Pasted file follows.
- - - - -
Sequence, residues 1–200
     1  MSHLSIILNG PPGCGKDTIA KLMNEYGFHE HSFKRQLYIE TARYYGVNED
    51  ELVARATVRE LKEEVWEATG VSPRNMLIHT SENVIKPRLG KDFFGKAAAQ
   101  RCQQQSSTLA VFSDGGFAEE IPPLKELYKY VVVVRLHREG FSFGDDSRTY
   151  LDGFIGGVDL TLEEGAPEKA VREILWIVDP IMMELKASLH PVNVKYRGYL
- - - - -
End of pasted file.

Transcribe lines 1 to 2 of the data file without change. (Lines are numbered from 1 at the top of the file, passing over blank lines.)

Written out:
Sequence, residues 1–200
     1  MSHLSIILNG PPGCGKDTIA KLMNEYGFHE HSFKRQLYIE TARYYGVNED